Of the 100 study participants, 36 answered positively to the question whether at any point they had thought about interrupting their treatment. When these were further asked what was the reason for having such a thought, 16 (44.4%) gave as a reason the duration of treatment, 4 (11.1%) the pain and 2 (5.6%) gave as a reason the change of their image. Among the 7 respondents who gave other reasons than the above, the most frequent (42.8%) was the distance of the Dental School from their residence.

Having thought about interrupting treatment was not found to be statistically significantly associated with being a patient respondent or a proxy, with gender (neither respondents’ nor patients’) nor with respondents’ education level. Similarly, patients’ age did not differ between those reporting being having thought about interrupting treatment and those not having had such a thought.

When study participants were asked whether, based on their experience, they would recommend the Department of Orthodontics to others, the vast majority of them (97%) answered positively. All 73 patients respondents (100%) answered positively, while among the 27 proxies respondents, 24 (88.9%) gave the same answer (p=0.020). Recommending the University Orthodontic Clinic was not found to be statistically significantly associated with gender (neither respondents’ nor patients’) or respondents’ education level. The three respondents who would not recommend the Clinic were proxies of small children (mean patients age = 13.3, s.d = 1.53, n=3) while all those recommending the Clinic represented a mean patients’ age of 19.5-years-old (S.D = 8.3, n = 97) (p = 0.001).

Overall satisfaction with the Orthodontic Clinic was found to be positively associated at a statistically significant level with the behaviour of personnel who conducted first clinical examination, the response by dentist in case of emergency, the total duration of orthodontic treatment, the cost (patient fees) of orthodontic treatment, and the treatment outcome (Table 3).

The respondent not having thought about interrupting orthodontic treatment was found to be associated at a statistically significant level with satisfaction with interest shown by dentist and information given to patient during treatment, and with total duration of orthodontic treatment (Table 4).

Table 3. Factors associated with “overall satisfaction with Orthodontic Clinic” (ordinal regression model).
Predictor Variables Estimate Standard Error d.f p 95% C.I
Behaviour of personnel who conducted first clinical examination 1.451 0.545 1 0.008 0.382 2.520
Response by dentist in case of emergency 1.828 0.641 1 0.004 0.573 3.084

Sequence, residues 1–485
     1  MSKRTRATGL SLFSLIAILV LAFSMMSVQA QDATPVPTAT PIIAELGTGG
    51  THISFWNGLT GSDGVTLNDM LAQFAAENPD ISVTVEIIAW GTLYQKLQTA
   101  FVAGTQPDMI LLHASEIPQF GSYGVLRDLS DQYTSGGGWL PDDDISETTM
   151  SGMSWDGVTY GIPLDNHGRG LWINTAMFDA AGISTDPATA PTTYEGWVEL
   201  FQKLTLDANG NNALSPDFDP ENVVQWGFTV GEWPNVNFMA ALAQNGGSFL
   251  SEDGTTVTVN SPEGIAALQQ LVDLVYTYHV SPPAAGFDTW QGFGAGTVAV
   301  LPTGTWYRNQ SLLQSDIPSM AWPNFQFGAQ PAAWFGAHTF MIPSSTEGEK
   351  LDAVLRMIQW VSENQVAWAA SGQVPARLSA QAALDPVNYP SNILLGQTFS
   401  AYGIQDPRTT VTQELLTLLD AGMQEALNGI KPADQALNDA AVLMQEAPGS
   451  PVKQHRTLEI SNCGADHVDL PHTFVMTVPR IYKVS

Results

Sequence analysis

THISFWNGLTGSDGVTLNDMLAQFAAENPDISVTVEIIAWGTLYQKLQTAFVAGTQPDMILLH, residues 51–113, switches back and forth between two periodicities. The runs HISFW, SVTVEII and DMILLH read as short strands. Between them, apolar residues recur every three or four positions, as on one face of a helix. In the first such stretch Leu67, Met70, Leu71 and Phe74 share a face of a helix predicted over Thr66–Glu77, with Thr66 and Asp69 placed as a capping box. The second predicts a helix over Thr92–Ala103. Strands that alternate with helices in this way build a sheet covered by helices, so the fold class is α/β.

Total duration of orthodontic treatment 0.791 0.325 1 0.015 0.155 1.428
Cost (patient fees) of orthodontic treatment 0.914 0.329 1 0.005 0.269 1.559
Treatment outcome (aesthetic and functional) 1.595 0.503 1 0.002 0.610 2.580
Table 4. Factors associated with respondents not having thought about interrupting orthodontic treatment (binary logistic regression model).
Predictor Variables B Standard Error d.f p Exp(B)
Constant -6.035 2.070 1 0.004 0.002
Interest shown by dentist and information giving to patient during treatment 0.982 0.460 1 0.033 2.670
Total duration of orthodontic treatment 0.520 0.240 1 0.030 1.682
Table 5. Factors associated with respondents’ intention to recommend the Orthodontic Clinic to others (binary logistic regression model).
Predictor Variables B Standard Error d.f p Exp(B)
Constant -17.509 9.387 1 0.062 0.000
Treatment outcome (aesthetic and functional) 2.132 1.083 1 0.049 8.432

Recommending the Orthodontic Clinic to other was found to be associated with the treatment outcome (Table 5).

4. DISCUSSION

This is the first study ever performed in Greece investigating patients’ satisfaction with orthodontic care provision. Thus, comparison of the present study’s results with previous investigations is not possible.

In a recent systematic review of the literature by Pachêco-Pereira et al., factors that were found to be most highly correlated with treatment outcome satisfaction were the final appearance of the teeth [20-25], the doctor-staff-patient relationship linked to quality of care and communication [21, 26-31], as well as personality traits [14, 32]. Moreover, stability of treatment [33], patient compliance [33], use of orthodontic appliances [29], treatment timing [26, 33, 34] and sex [23, 27] were only slightly associated with patients’ satisfaction. However, as it is underlined, women often have higher expectations and are therefore more susceptible to outcome dissatisfaction. Other factors that were also negatively correlated with treatment outcome satisfaction were neuroticism [14], poorer pain management [28], and retention appliances [33, 35]. No evidence was provided supporting an association between age and satisfaction level [14, 28, 36, 37].